26 years after its debut, Rage Against The Machine’s first album is more relevant than ever.
Protest music is exactly what it sounds like – music that’s protesting something. Music changes with time, following the ebb and flow of societal consciousness and inspiring change and reform in its listeners. Like most art, it is highly influential on the sentiments of its listeners. So when an artist makes a successful protest song, it can influence a generation.
Though politically-fueled tunes have been relevant in America since the early 19th century, these songs made their most dramatic influence on popular culture in the 1960s. The rise of counterculture groups in this time period made a foray into the popular music of the time. Between the Civil Rights Movement and the Vietnam War, these “hippies” had plenty of subject matter to inspire songs about peace and love. Artists like Bob Dylan wielded their music as a peaceful force for change, with songs such as “The Death of Emmett Till” condemning the racism that resulted in the death of an innocent African American boy. The musical revolution didn’t end in the 1960s though, as the birth of reggae in Jamaica saw songwriters such as Bob Marley in the spotlight, preaching peaceful revolution and harmony. In the eighties, London’s punk rock movement exploded, with groups such as The Clash and Sex Pistols making waves in the evolution of rock music’s role in political movements. The work of these protest artists culminated in the 1992, with the release of the self-titled record Rage Against The Machine.
Coming off the heels of the punk movement of the eighties, the four-piece American band Rage Against The Machine blasted into the rock scene with the smash success of their debut album in the early years of the new decade. Moving parallel with the grunge movement in the evolution of punk-rock, Rage took the spirit of the revolution in a different musical direction. With a fusion of hip-hop, funk, metal, and punk, the band were revolutionaries in their instrumentation in addition to politics. The experimental work of guitar-god Tom Morello produced a signature sound, and the funk inspired bass work of Tim Commerford is featured prominently, refusing to be drowned out by the other instruments. Drummer Brad Wilk did an excellent job of incorporating the frantic drums of punk music, but the most important part of Rage’s unique sound was vocalist and songwriter Zack de la Rocha, who carried the energy of the band’s message with his masterful incorporation of hip-hop and metal vocal styles.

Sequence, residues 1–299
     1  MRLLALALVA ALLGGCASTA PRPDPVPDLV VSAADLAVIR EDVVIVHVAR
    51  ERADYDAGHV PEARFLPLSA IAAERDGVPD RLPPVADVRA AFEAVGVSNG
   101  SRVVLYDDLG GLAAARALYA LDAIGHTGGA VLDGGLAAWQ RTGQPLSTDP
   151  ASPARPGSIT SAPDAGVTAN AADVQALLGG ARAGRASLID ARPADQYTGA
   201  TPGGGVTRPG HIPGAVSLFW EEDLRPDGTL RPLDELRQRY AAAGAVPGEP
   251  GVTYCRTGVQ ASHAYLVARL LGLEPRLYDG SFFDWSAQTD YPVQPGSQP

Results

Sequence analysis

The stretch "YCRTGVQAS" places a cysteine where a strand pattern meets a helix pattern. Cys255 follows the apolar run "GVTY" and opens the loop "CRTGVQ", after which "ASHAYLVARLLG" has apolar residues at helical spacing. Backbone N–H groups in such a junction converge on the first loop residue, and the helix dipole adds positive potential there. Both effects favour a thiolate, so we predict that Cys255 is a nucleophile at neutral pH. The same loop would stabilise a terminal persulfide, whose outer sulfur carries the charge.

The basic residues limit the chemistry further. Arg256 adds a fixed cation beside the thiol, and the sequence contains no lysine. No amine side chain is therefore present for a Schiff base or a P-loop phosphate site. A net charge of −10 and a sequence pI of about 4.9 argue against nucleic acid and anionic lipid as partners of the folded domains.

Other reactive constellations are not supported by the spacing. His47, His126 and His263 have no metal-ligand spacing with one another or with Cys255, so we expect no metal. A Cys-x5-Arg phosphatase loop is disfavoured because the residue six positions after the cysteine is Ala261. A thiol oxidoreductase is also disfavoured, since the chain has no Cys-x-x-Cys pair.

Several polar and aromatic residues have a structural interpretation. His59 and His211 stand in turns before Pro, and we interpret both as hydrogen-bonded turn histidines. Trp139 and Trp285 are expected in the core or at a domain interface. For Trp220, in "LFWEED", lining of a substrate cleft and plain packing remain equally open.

The lyrics of all of the songs on the debut album were strongly political in nature, criticizing everything from a crooked justice system to a society that discourages individual thought. These songs, though commentary on the United States government’ failures, were most relevant because they carried with them no political allegiance. Instead of blaming an opposite political party, de la Rocha places the failures of the United States moe broadly on anyone who remained complacent in corruption or violence. “Killing In The Name” was Rage’s breakout song, a heated protest song speaking out against police brutality. The searing chorus of this song stood out, as de la Rocha spits out the line, “You justify those that died by wearing the badge, they’re the chosen whites.”
Rage Against The Machine is on what seems to be a permanent hiatus. After a brief tour in 2010, the group dissolved to work on separate projects. Despite being nearly 30 years old, the music of Rage still inspires people to get involved in politics. Many of the problems discussed in their music are more relevant than ever, and it seems now that the United States needs Rage Against The Machine’s message in this crucial moment. That’s not to say that other artists aren’t filling their shoes, though. The artist Childish Gambino covers a broad range of social issues faced by African Americans, with his songs like “This Is America” breaking into the forefront of popular music. The powerful voice and revolutionary music of Rage Against The Machine is something America may never witness firsthand again, but its presence on streaming services like Spotify and Apple Music means that it will never truly die. So to those yet to experience one of the most important bands of the nineties, give it a shot. Maybe it will make an impact.